EFFECTS OF MATERNAL FEEDING WITH DIFFERENT HIGH FAT DIETS ON CELLULAR COMPOSITION OF LYMPHOID COMPARTMENTS IN THE SPLEEN AND LYMPHOID INFILTRATES OF MAMMARY GLAND TUMORS IN RAT OFFSPRING

Kossoy G., Yarden G., Benhur H., Stark A., Madar Z., Zusman I.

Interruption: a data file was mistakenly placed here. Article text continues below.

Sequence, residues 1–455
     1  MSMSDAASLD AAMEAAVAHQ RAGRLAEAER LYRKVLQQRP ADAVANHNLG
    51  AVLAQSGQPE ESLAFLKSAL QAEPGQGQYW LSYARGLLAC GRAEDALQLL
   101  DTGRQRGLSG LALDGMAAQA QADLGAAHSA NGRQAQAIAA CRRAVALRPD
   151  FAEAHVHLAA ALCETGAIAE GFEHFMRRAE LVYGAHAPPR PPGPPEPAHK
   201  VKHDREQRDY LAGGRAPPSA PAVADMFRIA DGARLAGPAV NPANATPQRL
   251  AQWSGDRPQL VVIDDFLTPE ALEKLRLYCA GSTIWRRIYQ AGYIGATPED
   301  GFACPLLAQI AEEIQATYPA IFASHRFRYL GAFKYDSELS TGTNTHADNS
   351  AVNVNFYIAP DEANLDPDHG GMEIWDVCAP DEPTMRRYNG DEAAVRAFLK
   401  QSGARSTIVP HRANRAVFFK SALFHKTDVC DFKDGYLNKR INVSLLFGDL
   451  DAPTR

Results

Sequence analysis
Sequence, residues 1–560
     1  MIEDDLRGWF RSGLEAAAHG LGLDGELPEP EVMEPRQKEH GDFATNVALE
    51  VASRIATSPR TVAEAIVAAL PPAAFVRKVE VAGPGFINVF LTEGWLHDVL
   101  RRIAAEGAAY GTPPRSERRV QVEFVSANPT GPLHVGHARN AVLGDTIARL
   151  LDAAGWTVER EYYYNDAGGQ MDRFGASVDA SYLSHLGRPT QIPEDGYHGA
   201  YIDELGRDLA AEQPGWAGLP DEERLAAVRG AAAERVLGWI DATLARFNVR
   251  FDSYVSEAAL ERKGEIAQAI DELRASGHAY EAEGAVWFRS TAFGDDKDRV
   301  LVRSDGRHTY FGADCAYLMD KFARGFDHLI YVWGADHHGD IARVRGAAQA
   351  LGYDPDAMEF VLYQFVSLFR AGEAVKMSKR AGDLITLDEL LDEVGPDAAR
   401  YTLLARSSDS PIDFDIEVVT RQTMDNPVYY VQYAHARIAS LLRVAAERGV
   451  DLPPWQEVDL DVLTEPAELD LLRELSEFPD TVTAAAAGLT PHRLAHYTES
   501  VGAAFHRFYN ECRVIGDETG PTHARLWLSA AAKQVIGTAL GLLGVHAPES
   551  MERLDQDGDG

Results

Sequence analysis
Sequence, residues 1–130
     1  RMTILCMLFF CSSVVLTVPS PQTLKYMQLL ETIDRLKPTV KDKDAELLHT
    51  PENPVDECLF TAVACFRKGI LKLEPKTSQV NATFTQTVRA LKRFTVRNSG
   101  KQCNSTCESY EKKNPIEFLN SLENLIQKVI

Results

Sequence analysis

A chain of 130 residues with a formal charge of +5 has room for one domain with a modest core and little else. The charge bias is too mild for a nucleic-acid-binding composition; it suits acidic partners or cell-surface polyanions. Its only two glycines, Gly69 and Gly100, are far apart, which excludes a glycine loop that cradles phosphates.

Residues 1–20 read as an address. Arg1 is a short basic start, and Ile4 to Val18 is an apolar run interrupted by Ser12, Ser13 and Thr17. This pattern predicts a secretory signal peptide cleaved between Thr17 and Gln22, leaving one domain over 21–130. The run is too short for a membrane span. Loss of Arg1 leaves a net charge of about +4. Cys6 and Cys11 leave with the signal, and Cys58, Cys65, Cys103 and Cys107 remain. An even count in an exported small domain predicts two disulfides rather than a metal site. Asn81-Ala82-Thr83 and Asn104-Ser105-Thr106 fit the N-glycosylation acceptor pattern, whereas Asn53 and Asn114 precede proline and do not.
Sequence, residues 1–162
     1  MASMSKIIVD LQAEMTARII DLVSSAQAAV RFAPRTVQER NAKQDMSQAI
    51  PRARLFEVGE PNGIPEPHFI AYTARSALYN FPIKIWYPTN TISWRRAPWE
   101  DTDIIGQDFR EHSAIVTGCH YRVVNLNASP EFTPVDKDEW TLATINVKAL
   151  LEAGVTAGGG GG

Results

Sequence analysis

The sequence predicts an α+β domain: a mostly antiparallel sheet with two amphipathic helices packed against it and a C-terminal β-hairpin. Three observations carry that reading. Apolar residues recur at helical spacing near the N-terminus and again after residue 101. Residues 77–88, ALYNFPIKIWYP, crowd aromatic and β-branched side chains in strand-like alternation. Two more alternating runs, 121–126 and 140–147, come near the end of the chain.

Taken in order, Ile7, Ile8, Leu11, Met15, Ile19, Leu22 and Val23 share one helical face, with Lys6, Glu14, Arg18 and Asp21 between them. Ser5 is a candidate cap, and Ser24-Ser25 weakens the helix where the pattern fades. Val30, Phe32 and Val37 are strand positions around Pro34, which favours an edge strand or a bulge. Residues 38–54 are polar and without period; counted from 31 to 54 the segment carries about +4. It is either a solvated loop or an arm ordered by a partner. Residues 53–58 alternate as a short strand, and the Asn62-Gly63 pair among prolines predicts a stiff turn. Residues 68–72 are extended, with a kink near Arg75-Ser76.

We studied whether feeding pregnant female rats a 15% olive-oil diet affects the splenic lymphoid system and synthesis of apoptosis-related proteins in offspring with chemically induced mammary glands tumors. Rat mothers were fed either a 7% corn-oil or a 15% olive-oil diet. Five-week-old offspring were exposed twice to the carcinogen, dimethylbenz(a)antracene, (10 mg/rat) and divided into 3 groups. Control group fed the 7% corn-oil control diet as their mothers. The first experimental group was fed a control diet (7% corn-oil) whereas their mothers were fed 15% olive-oil diet. The second experimental group was fed the same 15% olive-oil diet as their mothers. Results of experiments were studied 4 months later. The activity of lymphoid elements of the spleen and of tumors were studied using immunohistochemical methods for evaluating different types of lymphocytes (B and T cells) and the synthesis of apoptosis-related proteins (Fas ligand, p53, Bcl-2). Maternal feeding a diet rich in olive oil before and throughout pregnancy resulted in different manners in their offspring, and results were dependent on diets fed their progeny. In the spleen, feeding mothers the 15% olive-oil diet inhibited the reaction of zones producing the B and T lymphocytes in offspring fed a control diet. In offspring fed the 15% olive-oil diet, the activation of the lymphoid system was seen. In tumors, activity of T cell killers/suppressors, macrophages and of the synthesis of Bcl-2 protein was found to manifest on their border. The positive correlation was found between the most parameters studied. The effect of maternal feeding a high-fat diet was manifested in a different manner in different parts of the spleen. In the white pulp, the effect was manifested only in an increase in the size of the germinal center due to the activation of production of B cells and was seen even in offspring fed a regular diet. In the red pulp, such effect was exhibited in an increase in the number of T cell killers and macrophages in both groups of progeny. The findings indicate that feeding mothers a diet high in olive oil concentrations retains its cancer-modulating role in offspring, but such a role is manifested in different manners, mostly at a cellular level.

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